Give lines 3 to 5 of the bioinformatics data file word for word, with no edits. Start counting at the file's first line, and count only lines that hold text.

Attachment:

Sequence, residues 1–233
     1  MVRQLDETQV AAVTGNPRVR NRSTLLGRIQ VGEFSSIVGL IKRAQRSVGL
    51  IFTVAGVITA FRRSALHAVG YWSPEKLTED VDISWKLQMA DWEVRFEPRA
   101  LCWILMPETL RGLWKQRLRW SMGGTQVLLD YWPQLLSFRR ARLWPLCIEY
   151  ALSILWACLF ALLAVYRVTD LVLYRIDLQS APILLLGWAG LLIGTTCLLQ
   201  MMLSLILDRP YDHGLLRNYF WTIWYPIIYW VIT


    51  IFTVAGVITA FRRSALHAVG YWSPEKLTED VDISWKLQMA DWEVRFEPRA
   101  LCWILMPETL RGLWKQRLRW SMGGTQVLLD YWPQLLSFRR ARLWPLCIEY
   151  ALSILWACLF ALLAVYRVTD LVLYRIDLQS APILLLGWAG LLIGTTCLLQ